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E302: The Earth beneath the ice: lithospheric architecture and dynamic topography in Antarctica (Lead Supervisor: Fausto Ferraccioli, NERC/British Antarctic Survey)

Supervisors: Fausto Ferraccioli (British Antarctic Survey) and Nicky White (Earth Sciences)

Importance of the area of research:

Antarctica is a key element in the global supercontinental cycle since Precambrian times. Despite the importance of Antarctica in the global Earth system, efforts to comprehend the geodynamic processes that shaped the evolution of Antarctica have been mostly regional in scope. Our understanding of the effects of dynamic topography in Antarctica is also still in an infancy stage compared to most other continents, in spite of its likely influence on the evolution of topographic and tectonic features, such as the Transantarctic Mountains, the Gamburtsev Subglacial Mountains and the huge intraplate subglacial basins that characterise both West and East Antarctica. Here we propose to analyse state of the art continental-scale gravity and magnetic data compilations together with satellite gravity gradient, magnetic and seismological data, and exploit 3D modelling advances to better constrain crustal and lithospheric architecture at continental-to supercontinental-scale, and assess the variability in dynamic topography effects on the Antarctic plate.

Project summary:

This project aims to transform our knowledge of Antarctica by providing novel geophysical interpretations of crustal and lithospheric architecture and modelling the space-time evolution of dynamic topography, which is hypothesised here to have played a key role in the evolution of major intraplate features. By achieving this, the project will help determine linkages between Antarctica and the supercontinental cycle, better constrain paleotopgraphy and large-scale boundary conditions for the overlying ice sheets, and lead to comprehensive assessments of the effects of dynamic topography on the Antarctic continent. 

What the student will do:

The student will help analyse and model recent Antarctic geophysical data compilations. These include the latest international gravity data compilation that now covers 73% of Antarctica (Scheinert et al., 2016). The student will also exploit the latest magnetic data compilations that includes almost 2 Ml line km of new aeromagnetic data. The compilations will be augmented by new datasets collected as part of major ongoing aerogeophysical exploration over the South Pole and Princess Elizabeth Land. The potential field data interpretation will include the development of novel 2D and 3D modelling targeting crustal and lithospheric architecture, complemented by seismic constraints where available (An et al., 2015). Satellite gravity gradient and Swarm magnetic data will assist in lithospheric modelling. The student will also use global seismological and mantle flow models and analyses of subglacial topography to reconstruct the evolution and impact of dynamic topography.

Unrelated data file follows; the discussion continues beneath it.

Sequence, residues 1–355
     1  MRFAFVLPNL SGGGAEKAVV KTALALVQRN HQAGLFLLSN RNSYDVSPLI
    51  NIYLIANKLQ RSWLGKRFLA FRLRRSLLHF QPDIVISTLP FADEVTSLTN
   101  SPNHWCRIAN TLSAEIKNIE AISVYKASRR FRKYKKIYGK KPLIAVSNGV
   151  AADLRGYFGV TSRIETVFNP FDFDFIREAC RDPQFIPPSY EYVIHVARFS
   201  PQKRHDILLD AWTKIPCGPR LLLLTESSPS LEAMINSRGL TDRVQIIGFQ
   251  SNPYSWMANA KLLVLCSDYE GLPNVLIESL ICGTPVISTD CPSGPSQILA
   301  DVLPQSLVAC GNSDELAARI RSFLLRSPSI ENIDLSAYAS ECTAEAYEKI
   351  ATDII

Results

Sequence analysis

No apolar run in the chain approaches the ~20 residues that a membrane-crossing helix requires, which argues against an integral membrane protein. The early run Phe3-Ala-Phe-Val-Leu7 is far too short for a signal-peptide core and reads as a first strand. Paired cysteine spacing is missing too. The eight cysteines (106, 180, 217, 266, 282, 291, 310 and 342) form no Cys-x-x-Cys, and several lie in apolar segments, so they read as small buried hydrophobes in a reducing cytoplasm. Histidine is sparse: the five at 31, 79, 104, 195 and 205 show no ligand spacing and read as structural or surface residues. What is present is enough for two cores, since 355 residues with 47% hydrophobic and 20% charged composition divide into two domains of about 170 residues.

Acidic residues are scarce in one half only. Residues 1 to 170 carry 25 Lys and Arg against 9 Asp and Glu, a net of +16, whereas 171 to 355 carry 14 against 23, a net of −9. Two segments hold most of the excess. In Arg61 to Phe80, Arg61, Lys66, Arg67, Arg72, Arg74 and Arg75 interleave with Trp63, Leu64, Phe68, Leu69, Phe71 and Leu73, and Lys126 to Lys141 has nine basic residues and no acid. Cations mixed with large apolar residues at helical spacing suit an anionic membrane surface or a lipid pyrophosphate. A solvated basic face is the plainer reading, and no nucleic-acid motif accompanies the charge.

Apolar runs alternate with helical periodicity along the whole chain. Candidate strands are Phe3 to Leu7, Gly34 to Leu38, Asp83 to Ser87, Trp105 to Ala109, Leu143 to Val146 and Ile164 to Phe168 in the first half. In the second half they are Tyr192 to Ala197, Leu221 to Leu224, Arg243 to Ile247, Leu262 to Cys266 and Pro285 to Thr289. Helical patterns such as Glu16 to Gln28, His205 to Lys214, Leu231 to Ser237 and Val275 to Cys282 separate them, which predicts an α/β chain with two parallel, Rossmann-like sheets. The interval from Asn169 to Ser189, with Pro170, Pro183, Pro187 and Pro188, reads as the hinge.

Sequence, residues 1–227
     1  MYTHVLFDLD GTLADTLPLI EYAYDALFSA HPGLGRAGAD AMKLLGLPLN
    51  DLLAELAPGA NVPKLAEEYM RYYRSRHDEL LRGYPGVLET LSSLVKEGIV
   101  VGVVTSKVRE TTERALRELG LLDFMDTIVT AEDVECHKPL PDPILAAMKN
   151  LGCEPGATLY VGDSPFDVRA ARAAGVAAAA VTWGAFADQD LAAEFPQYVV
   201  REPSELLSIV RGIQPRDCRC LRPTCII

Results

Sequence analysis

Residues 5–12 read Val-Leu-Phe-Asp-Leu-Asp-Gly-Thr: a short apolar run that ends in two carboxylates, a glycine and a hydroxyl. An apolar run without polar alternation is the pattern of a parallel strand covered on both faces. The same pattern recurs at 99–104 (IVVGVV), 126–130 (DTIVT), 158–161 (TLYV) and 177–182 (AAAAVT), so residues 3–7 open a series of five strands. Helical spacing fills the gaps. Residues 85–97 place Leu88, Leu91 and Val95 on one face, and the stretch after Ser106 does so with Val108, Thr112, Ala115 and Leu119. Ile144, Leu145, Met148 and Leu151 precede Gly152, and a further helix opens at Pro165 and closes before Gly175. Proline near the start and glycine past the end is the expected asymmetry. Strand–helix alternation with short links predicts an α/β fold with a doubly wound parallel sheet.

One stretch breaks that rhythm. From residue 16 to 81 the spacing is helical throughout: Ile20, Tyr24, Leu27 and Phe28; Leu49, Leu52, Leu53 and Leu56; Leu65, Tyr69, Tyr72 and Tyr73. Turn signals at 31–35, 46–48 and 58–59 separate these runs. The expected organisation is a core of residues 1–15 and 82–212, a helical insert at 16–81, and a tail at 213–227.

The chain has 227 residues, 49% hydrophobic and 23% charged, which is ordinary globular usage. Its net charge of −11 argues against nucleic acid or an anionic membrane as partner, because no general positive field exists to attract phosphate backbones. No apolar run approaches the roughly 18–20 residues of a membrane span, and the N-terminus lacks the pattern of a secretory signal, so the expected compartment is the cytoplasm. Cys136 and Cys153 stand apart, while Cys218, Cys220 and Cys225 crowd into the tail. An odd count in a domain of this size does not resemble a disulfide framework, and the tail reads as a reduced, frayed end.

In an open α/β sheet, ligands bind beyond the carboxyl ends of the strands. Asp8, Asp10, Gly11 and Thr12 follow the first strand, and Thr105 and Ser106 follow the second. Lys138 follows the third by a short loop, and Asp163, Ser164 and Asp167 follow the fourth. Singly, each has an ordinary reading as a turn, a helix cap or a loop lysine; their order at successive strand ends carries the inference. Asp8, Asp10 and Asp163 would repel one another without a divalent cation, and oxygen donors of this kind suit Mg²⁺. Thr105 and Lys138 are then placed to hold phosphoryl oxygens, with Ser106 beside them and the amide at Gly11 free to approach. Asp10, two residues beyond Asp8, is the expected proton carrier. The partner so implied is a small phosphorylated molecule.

Please contact the lead supervisor directly for further information relating to what the successful applicant will be expected to do, training to be provided, and any specific educational background requirements.

References:

Ferraccioli, F., Finn, C.A., Jordan, T.A., Bell, R.E., Anderson, L.M., Damaske, D. 2011. East Antarctic rifting triggers uplift of the Gamburtsev Mountains. Nature, 479, 388-392.

Scheinert, M., Ferraccioli, F., and 13 others 2016. New Antarctic gravity anomaly grid for enhanced geodetic and geophysical studies. Geophys. Res. Lett., 43, 600–610, doi:10.1002/2015GL067439.

 An, M., D. A. Wiens, Y. Zhao, M. Feng, A. A. Nyblade, M. Kanao, Y. Li, A. Maggi, nd J.-J. Lvque 2015. S-velocity model and inferred Moho topography beneath the Antarctic Plate from Rayleigh waves, J. Geophys. Res., 120 (2014JB011332), 359–383, doi: 10.1002/2014JB011332.

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